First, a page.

The insurance broker’s liability and the duty to inform

By Nicolas Drolet, from our Insurance Law Practice Group.

November 10, 2016 — In Maison Jean-Yves Lemay Assurances inc. c. Bar et spectacles Jules et Jim inc., 2016 QCCA 1494, the Quebec Court of Appeal reiterates the broker’s duty to review the building’s replacement value and coverage when renewing the insurance policy for the property.

The facts

The case began in June 2010, when the insured sought to renew the insurance of its building. Following its broker’s recommendation, an appraiser was mandated to prepare; until then, the property was insured for $424,000.

On July 20th, the broker took notice of the report, in which the replacement value was increased to $565,000. However, since he was leaving for vacation, he asked a colleague to follow up on the file. Unfortunately, no further steps were taken. The building was destroyed by fire on July 23rd.

Things took a turn for the worst when the insured found out that the appraiser had underestimated the building’s replacement value, and had also forgotten to consider the cost of demolition, and of upgrading to applicable standards. To make things worse, the appraisal was based on the assumption that the whole building was a residential dwelling, whereas the ground floor was for commercial use. The overall cost of demolition and reconstruction totalled $1,003,708.

The appeal: apportioning liability

While the case was under appeal, the broker admitted that his failure to react when he received the appraisal report constitutes negligence, and he voluntarily paid to the insured the difference between the amount of the actual coverage and the amount that he considers should have been the adequate coverage. The broker filed an appeal because the trial Judge held him liable for all damages disregarding the appraiser’s fault. The trial Judge concluded that the broker’s failure to react to the appraisal report broke the causal relationship between the flaws in the report and the insufficient coverage. Accordingly, only the broker was held liable for $348,032.

The Court of Appeal, while affirming the insured’s right to compensation, came to a slightly different conclusion. It held that both the broker and the appraiser were at fault and that these faults were contractual, although not simultaneous. Each was the cause for a specific damage sustained by the insured. Failure by the broker to follow up on the appraisal report or to request increase insurance coverage could not exonerate the appraiser from the flaws in his report. While the broker has an obligation to provide information and advice, he is not liable for damages arising from the faulty evaluation of the insured’s property. As such, the Court of Appeal considered that the causal relationship had not been broken and concluded that both the broker and appraiser were liable towards the insured.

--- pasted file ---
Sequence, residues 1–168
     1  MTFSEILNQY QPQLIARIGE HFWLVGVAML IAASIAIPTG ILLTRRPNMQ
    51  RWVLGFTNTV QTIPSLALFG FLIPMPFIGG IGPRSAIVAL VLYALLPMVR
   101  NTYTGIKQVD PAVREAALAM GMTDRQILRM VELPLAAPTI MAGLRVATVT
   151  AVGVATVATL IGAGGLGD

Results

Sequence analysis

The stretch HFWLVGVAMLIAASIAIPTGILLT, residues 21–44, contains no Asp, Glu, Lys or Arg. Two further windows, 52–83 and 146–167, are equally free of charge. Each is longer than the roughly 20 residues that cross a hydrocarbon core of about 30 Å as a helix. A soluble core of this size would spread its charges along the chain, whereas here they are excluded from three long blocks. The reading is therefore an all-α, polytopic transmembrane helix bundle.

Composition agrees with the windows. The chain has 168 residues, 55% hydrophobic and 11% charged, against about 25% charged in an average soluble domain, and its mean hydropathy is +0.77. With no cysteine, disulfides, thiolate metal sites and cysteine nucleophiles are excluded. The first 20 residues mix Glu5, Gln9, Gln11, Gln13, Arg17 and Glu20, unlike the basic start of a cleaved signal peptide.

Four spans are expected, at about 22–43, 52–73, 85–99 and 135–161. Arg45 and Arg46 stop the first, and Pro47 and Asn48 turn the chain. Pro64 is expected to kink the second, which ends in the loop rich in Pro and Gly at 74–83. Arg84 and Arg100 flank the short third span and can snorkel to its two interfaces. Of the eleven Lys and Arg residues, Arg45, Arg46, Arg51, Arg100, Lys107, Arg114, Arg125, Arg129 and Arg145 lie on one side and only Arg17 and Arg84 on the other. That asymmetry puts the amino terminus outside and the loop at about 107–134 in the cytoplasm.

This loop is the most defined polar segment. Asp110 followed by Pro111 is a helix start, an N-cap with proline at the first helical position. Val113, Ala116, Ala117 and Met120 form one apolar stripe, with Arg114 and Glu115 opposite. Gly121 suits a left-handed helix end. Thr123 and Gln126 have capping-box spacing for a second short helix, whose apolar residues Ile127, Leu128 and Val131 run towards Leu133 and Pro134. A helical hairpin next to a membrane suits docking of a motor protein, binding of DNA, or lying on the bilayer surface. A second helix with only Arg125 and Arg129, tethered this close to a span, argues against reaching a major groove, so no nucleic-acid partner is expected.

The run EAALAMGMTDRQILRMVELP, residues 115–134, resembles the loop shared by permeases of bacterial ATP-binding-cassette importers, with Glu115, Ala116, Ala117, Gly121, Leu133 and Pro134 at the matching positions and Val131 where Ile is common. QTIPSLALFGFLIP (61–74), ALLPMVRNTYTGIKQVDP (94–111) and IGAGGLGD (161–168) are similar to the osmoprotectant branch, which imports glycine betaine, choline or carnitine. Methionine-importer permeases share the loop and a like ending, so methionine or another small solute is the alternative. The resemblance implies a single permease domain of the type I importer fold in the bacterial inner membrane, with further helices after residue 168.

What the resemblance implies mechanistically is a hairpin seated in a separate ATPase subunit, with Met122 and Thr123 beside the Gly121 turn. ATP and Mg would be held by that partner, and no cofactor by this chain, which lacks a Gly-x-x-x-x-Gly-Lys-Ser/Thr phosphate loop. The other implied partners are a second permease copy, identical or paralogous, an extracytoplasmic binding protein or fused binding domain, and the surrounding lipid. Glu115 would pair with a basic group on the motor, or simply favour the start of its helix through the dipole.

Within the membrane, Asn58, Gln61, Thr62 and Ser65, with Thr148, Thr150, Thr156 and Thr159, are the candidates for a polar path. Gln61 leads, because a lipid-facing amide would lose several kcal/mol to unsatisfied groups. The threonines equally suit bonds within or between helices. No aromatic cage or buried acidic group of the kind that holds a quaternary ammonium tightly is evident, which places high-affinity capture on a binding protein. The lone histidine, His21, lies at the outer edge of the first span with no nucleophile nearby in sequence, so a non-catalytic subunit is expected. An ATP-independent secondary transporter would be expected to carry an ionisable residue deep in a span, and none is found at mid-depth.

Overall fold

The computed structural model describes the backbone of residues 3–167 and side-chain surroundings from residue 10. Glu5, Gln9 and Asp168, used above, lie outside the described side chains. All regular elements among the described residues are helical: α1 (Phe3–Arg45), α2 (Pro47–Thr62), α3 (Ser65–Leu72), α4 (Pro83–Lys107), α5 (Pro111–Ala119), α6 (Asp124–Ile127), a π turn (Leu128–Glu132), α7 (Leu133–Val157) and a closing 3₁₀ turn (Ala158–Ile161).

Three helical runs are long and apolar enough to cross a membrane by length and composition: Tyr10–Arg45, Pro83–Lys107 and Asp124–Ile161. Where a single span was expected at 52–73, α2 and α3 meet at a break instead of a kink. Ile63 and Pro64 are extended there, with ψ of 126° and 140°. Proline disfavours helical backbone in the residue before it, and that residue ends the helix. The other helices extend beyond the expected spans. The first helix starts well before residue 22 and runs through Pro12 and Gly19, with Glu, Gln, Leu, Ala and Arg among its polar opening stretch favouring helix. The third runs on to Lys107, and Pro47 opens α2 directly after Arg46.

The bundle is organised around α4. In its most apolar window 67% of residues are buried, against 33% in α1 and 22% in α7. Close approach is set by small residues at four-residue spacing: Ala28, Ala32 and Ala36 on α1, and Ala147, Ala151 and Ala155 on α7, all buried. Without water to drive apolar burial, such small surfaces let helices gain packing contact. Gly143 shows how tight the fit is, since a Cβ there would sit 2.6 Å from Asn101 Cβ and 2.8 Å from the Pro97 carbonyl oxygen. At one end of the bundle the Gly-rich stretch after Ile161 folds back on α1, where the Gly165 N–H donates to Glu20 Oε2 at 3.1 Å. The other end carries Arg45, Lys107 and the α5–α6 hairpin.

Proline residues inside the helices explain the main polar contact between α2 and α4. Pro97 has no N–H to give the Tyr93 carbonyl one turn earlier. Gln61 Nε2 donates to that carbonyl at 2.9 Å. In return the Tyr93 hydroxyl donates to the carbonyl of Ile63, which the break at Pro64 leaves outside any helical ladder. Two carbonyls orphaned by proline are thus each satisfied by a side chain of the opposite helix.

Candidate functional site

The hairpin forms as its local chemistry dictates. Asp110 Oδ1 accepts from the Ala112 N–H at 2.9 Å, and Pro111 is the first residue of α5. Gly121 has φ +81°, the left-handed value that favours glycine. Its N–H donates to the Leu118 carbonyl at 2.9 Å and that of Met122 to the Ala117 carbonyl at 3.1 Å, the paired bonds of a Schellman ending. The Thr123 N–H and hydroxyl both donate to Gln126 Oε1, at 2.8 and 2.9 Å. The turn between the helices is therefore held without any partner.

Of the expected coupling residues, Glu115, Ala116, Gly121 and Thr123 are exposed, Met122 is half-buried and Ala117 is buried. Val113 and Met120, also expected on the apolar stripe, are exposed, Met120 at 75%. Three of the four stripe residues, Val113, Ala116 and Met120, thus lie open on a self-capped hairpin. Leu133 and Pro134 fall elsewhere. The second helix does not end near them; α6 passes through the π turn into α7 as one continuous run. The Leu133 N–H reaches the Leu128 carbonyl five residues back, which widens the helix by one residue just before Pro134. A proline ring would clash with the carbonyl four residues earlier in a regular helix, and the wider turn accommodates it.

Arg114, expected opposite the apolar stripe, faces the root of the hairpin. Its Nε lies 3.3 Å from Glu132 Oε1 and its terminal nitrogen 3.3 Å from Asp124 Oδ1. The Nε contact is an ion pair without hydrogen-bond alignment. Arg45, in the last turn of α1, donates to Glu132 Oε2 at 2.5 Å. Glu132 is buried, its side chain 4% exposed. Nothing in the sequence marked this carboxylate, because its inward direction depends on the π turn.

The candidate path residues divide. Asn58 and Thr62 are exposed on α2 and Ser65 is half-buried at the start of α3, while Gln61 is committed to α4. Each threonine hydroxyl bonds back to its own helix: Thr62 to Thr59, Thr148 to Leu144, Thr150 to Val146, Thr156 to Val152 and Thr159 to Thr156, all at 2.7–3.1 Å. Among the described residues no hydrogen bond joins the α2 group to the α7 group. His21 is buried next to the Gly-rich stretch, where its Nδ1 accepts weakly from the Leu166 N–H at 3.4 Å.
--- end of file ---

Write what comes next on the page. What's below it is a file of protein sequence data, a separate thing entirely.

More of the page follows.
• Appraiser’s liability for under-evaluation. Initially, since the appraiser failed to abide by the applicable standards in setting the building’s value, the Court ruled that he alone was responsible for the errors in his report and held him liable for $233,865, being the difference between the correct value ($798,865) and the inaccurate value as reported ($565,000), an amount that must be decreased by the costs of demolition ($45,200). The judgment against the appraiser is therefore $188,665 with interest, additional indemnity and costs.
  • Broker’s liability for breach of communication. The Court of Appeal then concluded that the broker had breached his duty to notify the insurer and failed to increase the coverage as per the report. Under Article 39 of the Act Respecting the Distribution of Financial Products and Services, “brokers must, when renewing an insurance policy, take the necessary steps to ensure that the coverage provided corresponds to the client’s needs.” The damages arising from this fault amounted to the difference between the original coverage ($424,000) and that which would have been in force had the report been filed with the insurer ($565,000). The judgment against the broker was therefore $141,000 with interest, additional indemnity and costs.
  • Broker’s liability for having omitted the demolition costs. The Court of Appeal affirmed the trial Judge’s finding that the broker had breached his duty to advise by failing to notice the absence of demolition costs in the appraiser’s report. Accordingly, the broker was held liable for these costs ($42,500). This finding was not challenged by the broker before the Court, since he had already willingly paid compensation to the insured.

Finally, the Court confirmed that the broker was to be held jointly and severally liable with his firm. As for the Appraiser, he was solely responsible for his share.

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